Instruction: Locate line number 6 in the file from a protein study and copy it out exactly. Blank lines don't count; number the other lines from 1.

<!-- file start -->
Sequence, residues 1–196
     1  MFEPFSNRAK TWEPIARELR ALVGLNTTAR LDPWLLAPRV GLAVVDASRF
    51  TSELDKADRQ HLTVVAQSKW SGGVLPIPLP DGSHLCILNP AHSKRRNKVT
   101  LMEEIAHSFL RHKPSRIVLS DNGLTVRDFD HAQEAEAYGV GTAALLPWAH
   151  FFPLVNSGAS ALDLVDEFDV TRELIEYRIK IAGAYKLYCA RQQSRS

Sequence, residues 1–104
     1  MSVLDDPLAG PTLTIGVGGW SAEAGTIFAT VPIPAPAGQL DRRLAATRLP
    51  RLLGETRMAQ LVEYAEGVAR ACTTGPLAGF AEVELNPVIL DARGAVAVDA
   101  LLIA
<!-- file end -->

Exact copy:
Sequence, residues 1–104